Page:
“I used to be wild”: Adolescent perspectives on the influence of family, peers, school, and neighborhood on positive behavioral transition

Published in Youth & Society, 2015

Recommended citation: Stamato, L., Lindstrom Johnson, S., & Cheng, T. L. (2015). “I used to be wild”: Adolescent perspectives on the influence of family, peers, school, and neighborhood on positive behavioral transition. Youth & Society, 50(1), 49-74. DOI: 10.1177/0044118X15586146

I worked on this project during an internship at the Johns Hopkins School of Medicine Department of General Pediatrics and Adolescent Medicine, during which time I was supervised by Dr. Sarah Lindstrom Johnson. I had been inspired by Dr. Lindstom Johnson’s work on adolescent ecology and future orientation, and explored this idea by conducting qualitative interviews with adolescents participating in a longitudinal, mixed-methods study. While previous scholars described adolescent behavioral transition as a one-time event, our participants described transitioning into and out of periods of increased and decreased risk behavior at various points. These transitions were influenced by their family members, peers, schools, and neighborhoods. Note that while the paper was originally published in 2015, it was reprinted by Youth & Society in 2018.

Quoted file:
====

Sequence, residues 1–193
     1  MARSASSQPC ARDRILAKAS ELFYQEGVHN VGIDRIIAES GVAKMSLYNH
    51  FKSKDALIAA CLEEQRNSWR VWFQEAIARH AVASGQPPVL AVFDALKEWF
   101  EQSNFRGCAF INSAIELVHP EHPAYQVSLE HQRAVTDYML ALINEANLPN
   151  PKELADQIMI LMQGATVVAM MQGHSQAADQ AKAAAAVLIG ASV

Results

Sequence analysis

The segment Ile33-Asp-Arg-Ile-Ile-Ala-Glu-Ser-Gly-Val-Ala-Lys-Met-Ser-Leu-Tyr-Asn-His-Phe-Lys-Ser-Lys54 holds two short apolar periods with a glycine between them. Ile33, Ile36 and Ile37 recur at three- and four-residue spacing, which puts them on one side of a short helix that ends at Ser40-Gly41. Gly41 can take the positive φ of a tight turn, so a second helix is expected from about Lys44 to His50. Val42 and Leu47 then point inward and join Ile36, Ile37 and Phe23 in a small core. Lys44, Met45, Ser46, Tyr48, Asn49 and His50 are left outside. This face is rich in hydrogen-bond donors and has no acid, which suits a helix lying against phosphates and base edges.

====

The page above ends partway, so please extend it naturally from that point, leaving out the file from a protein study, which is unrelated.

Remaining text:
Read and download the paper here